5. Favors.  Another form of power, but basically doing favors for people who can do what they can not.  A high level spell, pull with the government, training, information, etc...

6. A home base.  When you start playing a lot of city encounters, when your villains come back for revenge sequels, this seems to be a popular thing to find, some sort of citadel, a secure lab or just a place to keep your henchmen.  
      6-2.  A combination of the two, establishing a home base which has a magical advantage, such as a magical garden filled with flyweed (smokable flying potion), a healing potion font, a shrine which cures diseases, etc...
       6-3. The combination of home bases with a portable magic item, the RV of home bases.  The tent with the palace inside, the flying castle, the ship, etc...

7. Fear  & Revenge.   Sometimes it's a variation of altruism, an attempt to save their world.  Other times it's to take someone out, before they come back again.  You'd be surprised at just how angry players get when people break into their house, wreck things, and run off with their shit for once.

8. Collections. One you get a mage on a lab kick, they can really get into collecting libraries.

9. Pets.  OK so I'm running out of variations here, but I once designed an adventure largely because the prettiest girl in the room liked Pegasi.

10. Home.   Enslavement, tossed naked through a portal as human sacrifice, accidental teleportation, shipwreck, stowing away by accident, shanghaied, kidnapped, etc...  Nest step get out of the soup and get back home.

What else am I missing?

World Building as a disease.

I was reading Noism's (Monster & Manuals) 8th deadly sin of world building  a commentary on This io8 article when I discovered replies have an upper limit.

About the only qualm I had when I looked over the article was "explain,"   as I feel the need to explain why your world is a coherent whole is quite often over-rated.  The stupidest point in every zombie movie is when the small town science teacher explains where the zombies came from.  We live in an age where multiple game changing discoveries are made every year, but the average consumer reads more about the health benefits of chocolate than they do about the domestication of corn.   Yes, I may have enjoyed the geekiness of the Silmarillion. If it had never been published, it would not matter at all in a debate of whether Rings is great.  It is Tolkien just showing you how he did the magic trick.   Reading Lord of the Rings, you're just impressed by his elvish, the appendixes just explain why you're impressed. Ernest Hemingway wrote that a good story is like an iceberg in that 90% is never seen.  It's not that you need to let them know why the world is the way it is, they just get that it is cool.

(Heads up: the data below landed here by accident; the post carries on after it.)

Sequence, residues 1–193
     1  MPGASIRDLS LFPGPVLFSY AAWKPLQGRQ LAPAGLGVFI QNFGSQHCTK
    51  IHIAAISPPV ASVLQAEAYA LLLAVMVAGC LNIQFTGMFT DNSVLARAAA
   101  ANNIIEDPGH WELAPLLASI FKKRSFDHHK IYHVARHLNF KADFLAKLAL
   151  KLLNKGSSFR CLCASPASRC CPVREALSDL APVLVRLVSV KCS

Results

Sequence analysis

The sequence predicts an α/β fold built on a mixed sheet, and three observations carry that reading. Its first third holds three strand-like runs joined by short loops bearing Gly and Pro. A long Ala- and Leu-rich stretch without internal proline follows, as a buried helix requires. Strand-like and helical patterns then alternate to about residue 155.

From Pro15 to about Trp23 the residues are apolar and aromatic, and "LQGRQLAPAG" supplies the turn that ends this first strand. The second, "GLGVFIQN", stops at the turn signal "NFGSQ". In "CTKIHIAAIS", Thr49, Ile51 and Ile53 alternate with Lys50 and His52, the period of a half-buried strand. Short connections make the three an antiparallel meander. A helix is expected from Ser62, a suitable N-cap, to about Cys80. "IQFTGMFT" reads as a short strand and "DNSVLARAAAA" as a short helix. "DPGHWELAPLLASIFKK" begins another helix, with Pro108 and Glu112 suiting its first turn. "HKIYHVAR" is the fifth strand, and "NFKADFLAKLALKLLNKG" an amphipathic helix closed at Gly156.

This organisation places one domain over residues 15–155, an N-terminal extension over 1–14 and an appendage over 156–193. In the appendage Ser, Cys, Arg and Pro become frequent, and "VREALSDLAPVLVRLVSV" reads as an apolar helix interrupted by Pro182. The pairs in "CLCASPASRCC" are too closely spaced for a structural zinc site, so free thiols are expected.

I admit it.  I'm a world builder and an obsessive about it to a point. Mostly because I think the human brain can pull patterns out of seemingly random information or even lacking a real pattern invent a pattern.  So a "logical" world is more satisfying to a player than an illogical one, because they recognize it at a nearly subconscious level. They're still apes processing a world of sensory patterns sorting for when they should fight or flee.

I'm always disturbed by the Ogre who is sitting in a room he didn't lock, who is there 24-7.  Which is why I, as the GM, put a key in his pocket and know he spends quite a bit of time roaming the city's sewers hunting rats, albino alligators, and the occasional street urchin.  Now I might bend the rules to have him in the room the first time the party comes by, but if they flee, he might very well be out next time. I never bother to explain any of this to the party, other than that key and his alligator loin cloth,I just have it to rub that bump in my brain.  I've trained my players to look for back exits, which often influences their tactical decisions. I'm not against a bull shit explanation where I use magic like they use science in original star trek, to explain everything away, but I try to save that for emergencies.